18. 18. Copyright © The American College of Cardiology. All rights reserved. From: Hybrid Cardiovascular Procedures J Am Coll Cardiol Intv. 2008;1(5):459-468. doi:10.1016/j.jcin.2008.07.002 A completion angiogram of a LIMA graft to the LAD after MIDCAB procedure. Figure Legend:
    19. 19. Hybrid Valve/PCI • Alternative approaches to standard sternotomy for valve surgery have been advocated to reduce operative mortality and morbidity, speed recovery, and improve cosmetics • These approaches include partial sternotomies and mini- thoracotomies • Concomitant coronary artery disease has been a contraindication to such approaches because concomitant CABG, and therefore sternotomy, would be mandatory • Approaching coronary disease with PCI, which may actually be superior to SVG, has given the opportunity to expand the indications for minimally invasive valve surgery to patients with concomitant coronary disease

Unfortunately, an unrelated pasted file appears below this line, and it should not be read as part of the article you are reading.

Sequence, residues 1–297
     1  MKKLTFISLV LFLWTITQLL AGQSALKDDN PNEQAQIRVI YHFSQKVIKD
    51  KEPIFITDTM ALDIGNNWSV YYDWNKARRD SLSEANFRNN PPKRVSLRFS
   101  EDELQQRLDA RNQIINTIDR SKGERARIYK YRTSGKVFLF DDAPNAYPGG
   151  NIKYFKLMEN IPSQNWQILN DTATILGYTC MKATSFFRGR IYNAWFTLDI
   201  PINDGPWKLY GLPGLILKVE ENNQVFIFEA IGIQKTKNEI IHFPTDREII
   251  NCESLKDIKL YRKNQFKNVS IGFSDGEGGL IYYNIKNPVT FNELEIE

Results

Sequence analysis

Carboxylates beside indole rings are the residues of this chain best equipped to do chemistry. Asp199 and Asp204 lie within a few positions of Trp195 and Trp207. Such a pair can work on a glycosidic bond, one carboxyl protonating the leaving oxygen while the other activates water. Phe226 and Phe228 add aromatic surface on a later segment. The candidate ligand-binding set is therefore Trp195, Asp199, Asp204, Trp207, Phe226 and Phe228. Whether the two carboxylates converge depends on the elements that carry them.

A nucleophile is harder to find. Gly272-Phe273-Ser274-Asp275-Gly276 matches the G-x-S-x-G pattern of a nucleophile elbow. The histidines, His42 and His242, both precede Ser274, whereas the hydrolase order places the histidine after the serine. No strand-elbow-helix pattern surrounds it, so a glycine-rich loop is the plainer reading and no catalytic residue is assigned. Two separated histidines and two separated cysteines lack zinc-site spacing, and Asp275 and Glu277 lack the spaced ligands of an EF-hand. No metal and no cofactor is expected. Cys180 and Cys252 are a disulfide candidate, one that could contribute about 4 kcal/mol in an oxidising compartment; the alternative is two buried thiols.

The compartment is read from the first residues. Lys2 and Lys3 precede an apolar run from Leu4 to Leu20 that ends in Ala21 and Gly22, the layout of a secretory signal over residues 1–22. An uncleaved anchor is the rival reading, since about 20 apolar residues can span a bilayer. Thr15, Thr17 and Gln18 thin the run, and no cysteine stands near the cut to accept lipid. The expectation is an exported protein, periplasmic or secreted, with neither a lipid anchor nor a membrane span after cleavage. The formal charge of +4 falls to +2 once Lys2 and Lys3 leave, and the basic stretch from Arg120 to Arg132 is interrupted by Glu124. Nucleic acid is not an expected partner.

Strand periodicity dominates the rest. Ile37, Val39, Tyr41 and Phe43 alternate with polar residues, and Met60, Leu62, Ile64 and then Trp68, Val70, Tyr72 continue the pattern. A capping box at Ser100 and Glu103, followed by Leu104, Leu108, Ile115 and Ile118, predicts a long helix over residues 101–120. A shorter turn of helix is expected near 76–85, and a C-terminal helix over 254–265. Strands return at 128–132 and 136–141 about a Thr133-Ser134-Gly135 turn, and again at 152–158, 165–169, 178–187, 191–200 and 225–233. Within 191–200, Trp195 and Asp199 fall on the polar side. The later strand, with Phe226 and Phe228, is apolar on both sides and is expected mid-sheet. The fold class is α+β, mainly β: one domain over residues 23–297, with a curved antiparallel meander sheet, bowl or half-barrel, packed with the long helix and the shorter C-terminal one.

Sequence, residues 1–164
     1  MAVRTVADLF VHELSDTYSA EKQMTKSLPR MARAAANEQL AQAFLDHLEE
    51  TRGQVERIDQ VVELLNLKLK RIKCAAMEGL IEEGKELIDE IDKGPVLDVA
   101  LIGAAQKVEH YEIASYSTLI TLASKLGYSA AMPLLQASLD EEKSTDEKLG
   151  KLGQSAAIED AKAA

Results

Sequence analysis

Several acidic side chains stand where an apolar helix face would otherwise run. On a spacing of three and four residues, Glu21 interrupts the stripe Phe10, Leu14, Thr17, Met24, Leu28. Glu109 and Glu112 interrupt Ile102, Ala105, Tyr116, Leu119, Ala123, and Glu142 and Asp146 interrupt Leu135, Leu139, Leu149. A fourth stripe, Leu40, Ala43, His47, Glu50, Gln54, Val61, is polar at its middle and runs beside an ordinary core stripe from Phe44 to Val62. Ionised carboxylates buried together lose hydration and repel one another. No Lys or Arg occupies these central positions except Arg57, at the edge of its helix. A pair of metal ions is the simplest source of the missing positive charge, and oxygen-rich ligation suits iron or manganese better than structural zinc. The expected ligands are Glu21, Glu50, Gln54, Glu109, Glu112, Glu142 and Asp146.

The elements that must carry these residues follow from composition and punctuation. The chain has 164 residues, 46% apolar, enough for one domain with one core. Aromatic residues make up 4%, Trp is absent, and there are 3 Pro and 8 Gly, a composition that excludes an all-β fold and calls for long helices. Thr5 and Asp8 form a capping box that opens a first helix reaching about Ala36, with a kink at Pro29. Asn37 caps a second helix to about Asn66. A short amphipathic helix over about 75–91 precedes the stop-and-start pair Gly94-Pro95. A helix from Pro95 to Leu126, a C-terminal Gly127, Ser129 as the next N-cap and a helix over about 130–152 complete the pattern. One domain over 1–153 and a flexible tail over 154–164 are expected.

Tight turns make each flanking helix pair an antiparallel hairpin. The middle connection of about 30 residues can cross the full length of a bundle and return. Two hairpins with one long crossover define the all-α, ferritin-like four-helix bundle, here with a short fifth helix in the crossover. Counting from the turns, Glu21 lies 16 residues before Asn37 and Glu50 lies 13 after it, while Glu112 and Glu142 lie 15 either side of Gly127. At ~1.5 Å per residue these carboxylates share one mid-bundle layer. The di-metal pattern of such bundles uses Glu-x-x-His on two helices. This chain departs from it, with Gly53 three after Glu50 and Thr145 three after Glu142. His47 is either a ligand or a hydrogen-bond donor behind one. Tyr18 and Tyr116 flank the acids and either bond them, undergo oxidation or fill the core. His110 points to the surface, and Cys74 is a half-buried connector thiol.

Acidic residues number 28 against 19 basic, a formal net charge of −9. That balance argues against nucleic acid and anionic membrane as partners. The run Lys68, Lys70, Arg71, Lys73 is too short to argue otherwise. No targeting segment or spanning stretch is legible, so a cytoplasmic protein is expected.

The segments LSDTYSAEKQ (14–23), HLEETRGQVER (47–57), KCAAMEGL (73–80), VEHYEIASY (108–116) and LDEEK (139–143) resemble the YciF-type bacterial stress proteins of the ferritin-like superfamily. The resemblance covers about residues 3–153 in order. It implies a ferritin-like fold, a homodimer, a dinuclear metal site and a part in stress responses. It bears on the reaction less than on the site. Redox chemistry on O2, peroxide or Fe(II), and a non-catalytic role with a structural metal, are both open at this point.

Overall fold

20. 20. Minimally Invasive Valve Surgery Refers to a collection of techniques in which alternative incisions to sternotomy is used • aortic valve surgery - upper hemi-sternotomy • mitral valve surgery - small right mini-thoracotomy (robotic and video-assisted mitral valve procedure can be performed through this approach) or lower hemisternotomy Advantages- • reduced postoperative pain, • faster recovery - shorter hospital stay • less utilization of autologous blood • superior cosmetic results
    21. 21. Copyright © The American College of Cardiology. All rights reserved. From: Hybrid Cardiovascular Procedures J Am Coll Cardiol Intv. 2008;1(5):459-468. doi:10.1016/j.jcin.2008.07.002 Incisions for Valve Surgery (A) Median sternotomy (aortic, mitral, or tricuspid valve). (B) Right thoracotomy (mitral or tricuspid valve). (C) Upper hemi-sternotomy (aortic valve). (D) Lower hemi-sternotomy (mitral or tricuspid valve). Figure illustration by Rob Flewell. Figure Legend: